5 Common Barriers to Launching a Knowledge Graph Project

Posted by Greg West on Apr 28, 2021 10:54:49 AM

At Cambridge Semantics, Inc. my team and I work with a diverse array of customers across such verticals as Life Sciences, Healthcare, Financial Services, Government and Manufacturing. Even though these industries are diverse, as presales engineers we commonly are asked similar questions regarding barriers to launching a knowledge graph project. In this blog and video we dive into these common themes and share our responses.

Can we connect to product X, Y, or Z?

Product X, Y, or Z could be an upstream system, such as Oracle, Teradata, or Snowflake. It can also be a downstream system, such as Tableau or another BI tool that consumes data from Anzo. The short answer is Yes.

From an upstream perspective, Anzo has out of the box connectors to connect and adjust data from a multitude of sources. It could be unstructured data like text files or PDFs, or structured/semi-structured files like CSV, XML, or JSON. It could also be data from a traditional relational source, or any data source that provides a JDBC driver through our partnership with CData—there are over 100 different sources that are available through that driver option. Customers can also create direct queries to API sources. In the case closed systems, we create semantic services to directly ingest information from that source.

Now, let’s talk about pushing data downstream. Anzo connects to traditional BI tools such as Power BI or Tableau, and to data science tools or relational databases. So, those API's that allow for downstream access, also include endpoints for ODBC, JDBC, or OData. If Jupyter Notebooks are your goal, there’s a library called PI Anzo for directly pushing data into those notebooks.

Will Anzo replace my ETL tool and/or my Data Catalog?

No, these are very complimentary tools to the Anzo platform. Your traditional ETL tools are great. They're incredibly useful for the data transformation steps needed to pull data from your operational data sources and place them into your data warehouses. Anzo does not replace that step.

Anzo does create its own metadata catalog, but it is complementary to standard data catalogs. Collibra and Alation contain a wealth of metadata that can be used to link and harmonize data in the knowledge graph. Anzo often treats this information as another data source used to connect entities in the knowledge graph.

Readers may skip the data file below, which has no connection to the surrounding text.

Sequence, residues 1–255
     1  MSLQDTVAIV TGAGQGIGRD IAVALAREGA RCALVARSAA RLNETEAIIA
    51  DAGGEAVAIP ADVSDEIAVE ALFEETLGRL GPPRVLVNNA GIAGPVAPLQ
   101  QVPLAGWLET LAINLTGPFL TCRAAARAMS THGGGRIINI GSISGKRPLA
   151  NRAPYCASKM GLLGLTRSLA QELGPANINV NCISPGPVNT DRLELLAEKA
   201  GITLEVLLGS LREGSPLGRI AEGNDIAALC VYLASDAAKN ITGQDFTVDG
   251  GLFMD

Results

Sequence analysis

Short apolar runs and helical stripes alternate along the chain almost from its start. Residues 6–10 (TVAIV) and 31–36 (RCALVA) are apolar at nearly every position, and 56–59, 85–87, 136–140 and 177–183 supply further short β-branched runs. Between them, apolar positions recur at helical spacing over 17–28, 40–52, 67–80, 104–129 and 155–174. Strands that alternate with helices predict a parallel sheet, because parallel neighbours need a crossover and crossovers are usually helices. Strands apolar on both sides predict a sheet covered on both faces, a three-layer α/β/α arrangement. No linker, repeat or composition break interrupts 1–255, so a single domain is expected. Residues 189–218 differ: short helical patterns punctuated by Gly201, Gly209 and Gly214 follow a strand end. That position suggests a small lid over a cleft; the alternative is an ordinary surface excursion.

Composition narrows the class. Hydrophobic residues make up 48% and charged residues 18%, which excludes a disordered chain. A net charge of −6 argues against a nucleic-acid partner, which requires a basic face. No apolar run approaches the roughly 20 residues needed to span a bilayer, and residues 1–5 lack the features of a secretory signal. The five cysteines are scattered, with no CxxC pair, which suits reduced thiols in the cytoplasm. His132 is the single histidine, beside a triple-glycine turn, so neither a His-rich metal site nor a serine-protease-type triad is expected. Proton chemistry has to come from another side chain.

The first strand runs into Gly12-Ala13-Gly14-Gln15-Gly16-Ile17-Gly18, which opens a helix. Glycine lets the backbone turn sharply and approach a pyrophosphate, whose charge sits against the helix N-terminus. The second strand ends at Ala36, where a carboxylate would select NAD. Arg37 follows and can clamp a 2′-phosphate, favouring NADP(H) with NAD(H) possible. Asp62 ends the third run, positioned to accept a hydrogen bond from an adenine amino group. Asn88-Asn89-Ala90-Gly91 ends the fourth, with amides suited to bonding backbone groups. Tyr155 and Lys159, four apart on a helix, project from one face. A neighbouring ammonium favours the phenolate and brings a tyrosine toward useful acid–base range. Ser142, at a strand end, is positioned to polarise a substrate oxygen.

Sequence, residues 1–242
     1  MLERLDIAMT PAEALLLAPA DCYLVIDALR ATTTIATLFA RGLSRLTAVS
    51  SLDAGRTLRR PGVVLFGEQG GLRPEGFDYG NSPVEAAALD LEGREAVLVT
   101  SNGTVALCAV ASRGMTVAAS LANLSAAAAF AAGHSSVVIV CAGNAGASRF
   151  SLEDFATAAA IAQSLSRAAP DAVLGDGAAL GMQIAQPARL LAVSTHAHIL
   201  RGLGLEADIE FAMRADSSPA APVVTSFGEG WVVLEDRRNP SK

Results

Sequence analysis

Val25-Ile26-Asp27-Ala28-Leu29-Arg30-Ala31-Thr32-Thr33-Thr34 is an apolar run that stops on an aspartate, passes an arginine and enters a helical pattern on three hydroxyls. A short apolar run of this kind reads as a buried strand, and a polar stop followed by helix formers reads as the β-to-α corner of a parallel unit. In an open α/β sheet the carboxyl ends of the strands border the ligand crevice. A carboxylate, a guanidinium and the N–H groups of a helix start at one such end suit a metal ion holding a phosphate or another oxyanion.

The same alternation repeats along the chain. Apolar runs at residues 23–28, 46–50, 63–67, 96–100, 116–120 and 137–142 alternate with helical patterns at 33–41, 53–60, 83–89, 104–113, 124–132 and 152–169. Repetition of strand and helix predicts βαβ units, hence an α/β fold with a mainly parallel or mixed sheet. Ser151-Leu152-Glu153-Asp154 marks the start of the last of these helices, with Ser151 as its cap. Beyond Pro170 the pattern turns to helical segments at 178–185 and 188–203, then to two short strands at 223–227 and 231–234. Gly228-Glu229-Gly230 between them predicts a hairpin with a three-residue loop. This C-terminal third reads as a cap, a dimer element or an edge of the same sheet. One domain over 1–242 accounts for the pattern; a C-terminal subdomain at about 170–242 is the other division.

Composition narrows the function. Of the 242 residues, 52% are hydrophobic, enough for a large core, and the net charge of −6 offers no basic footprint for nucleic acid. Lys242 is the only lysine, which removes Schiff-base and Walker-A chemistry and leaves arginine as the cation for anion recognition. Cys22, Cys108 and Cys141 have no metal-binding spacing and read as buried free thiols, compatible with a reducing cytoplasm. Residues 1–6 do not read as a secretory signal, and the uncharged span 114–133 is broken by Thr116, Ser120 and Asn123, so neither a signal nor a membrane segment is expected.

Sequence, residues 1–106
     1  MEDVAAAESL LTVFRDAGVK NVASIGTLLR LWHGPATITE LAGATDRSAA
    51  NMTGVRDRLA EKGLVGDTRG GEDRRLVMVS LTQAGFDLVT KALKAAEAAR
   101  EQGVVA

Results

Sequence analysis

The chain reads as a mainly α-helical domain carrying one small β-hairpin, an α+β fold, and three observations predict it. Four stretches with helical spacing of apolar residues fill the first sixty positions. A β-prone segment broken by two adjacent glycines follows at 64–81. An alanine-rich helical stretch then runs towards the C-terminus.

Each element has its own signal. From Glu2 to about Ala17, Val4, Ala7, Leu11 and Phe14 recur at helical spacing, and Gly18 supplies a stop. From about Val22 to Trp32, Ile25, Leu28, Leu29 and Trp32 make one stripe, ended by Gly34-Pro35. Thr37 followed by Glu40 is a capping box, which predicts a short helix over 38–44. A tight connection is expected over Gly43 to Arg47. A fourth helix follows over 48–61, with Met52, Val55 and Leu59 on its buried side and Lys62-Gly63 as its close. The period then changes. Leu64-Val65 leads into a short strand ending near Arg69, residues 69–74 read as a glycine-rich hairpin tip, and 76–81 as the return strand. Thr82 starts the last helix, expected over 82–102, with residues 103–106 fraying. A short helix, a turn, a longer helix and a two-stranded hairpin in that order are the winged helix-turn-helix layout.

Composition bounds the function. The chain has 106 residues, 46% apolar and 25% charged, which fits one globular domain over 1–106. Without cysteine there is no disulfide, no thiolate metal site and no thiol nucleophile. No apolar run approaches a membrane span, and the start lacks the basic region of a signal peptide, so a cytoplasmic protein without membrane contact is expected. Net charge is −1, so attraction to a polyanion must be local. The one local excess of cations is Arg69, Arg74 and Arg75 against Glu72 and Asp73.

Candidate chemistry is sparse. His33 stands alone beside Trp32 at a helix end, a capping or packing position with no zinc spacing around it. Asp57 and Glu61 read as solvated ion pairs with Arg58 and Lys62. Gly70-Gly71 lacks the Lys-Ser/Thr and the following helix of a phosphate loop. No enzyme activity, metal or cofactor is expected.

Is Anzo copying, moving, or virtualizing data?

Anzo has a hybrid approach of three routes for ingesting data from a data source. The first and most common route is Spark. Anzo leverages Spark pipelines to move  and convert traditional relational sources into RDF and store these resulting compressed RDF within your data lake. Data is not being moved. As needed, we will accelerate that into our in-memory graph database to create the knowledge graph.

The second route uses our horizontally scalable back-end graph database (GDI) to bring data into memory on demand. The main difference between this and the first option is when you're taxing your sources of data. In the first approach, it is orchestrated to run at intervals. The second approach, you activate and hit the source system when the user requests it.

The third route, uses direct virtualized connections into the data source. 

The best route will vary based on the data source. If you have something like an API, where the data is changing quite frequently, it might make sense to use a virtualized connection versus historical data where you might use the Spark-based approach.

How do I build my first model?

Anzo generates models directly from data sources using the available metadata. If you're generating a model from a database, Anzo will use the foreign key connections to link the entities that it creates in the generated model. Using out-of-the-box tooling, you can edit that model as you’d like without needing to know OWL. Meaning, it’s easy to extend that model, add classes, or add properties as needed. 

There’s also what we call the bring your own model (BYOM) approach. If you already have a model, you can import it directly into the Anzo Modeling Editor. In this approach, as you're bringing in data sources you will have to create virtualized mappings and data layers to transform your source data into that model.

What Skills do I need?

SPARQL and RDF are not the most widely distributed skills. We’ve seen the spectrum of customs ranging from lots of knowledge, graph, and semantics knowledgable people to the just diving in. The need to know some of these concepts will vary based on user roles.

Analysts, your data consumers using the BI tools, don’t really need to be knowledgeable in these concepts. They will continue to use their BI tools, but the data pushed to them will be accelerated thanks to Anzo.

For those users building models or linking and harmonizing data, data architects and engineers,  there are a couple of useful skills:

Data Modeling

There's a lot of traditional data modeling tools overlap (e.g. Erwin Diagrams) these skills will translate easily. Anzo also has tooling to help accelerate the generation of those models.


Being able to write SPARQL queries can be important to help harmonize and transform data. SQL and SPARQL have a lot of overlap, so don’t be daunted. But again, Anzo contains a lot of features that will help accelerate learning and development. You may not even have to write SPARQL queries. Anzo directly suggests connections for you and will generate different visualizations and tables without a user writing queries. However, in some advanced use cases, you will want to know and understand how SPARQL works.

When diving into more advanced use cases, feel free to reach out to Cambridge Semantics. We would be happy to help you out.

Tags: Semantics, Data Integration, Big Data, Semantic Web, Anzo, Knowledge Graph

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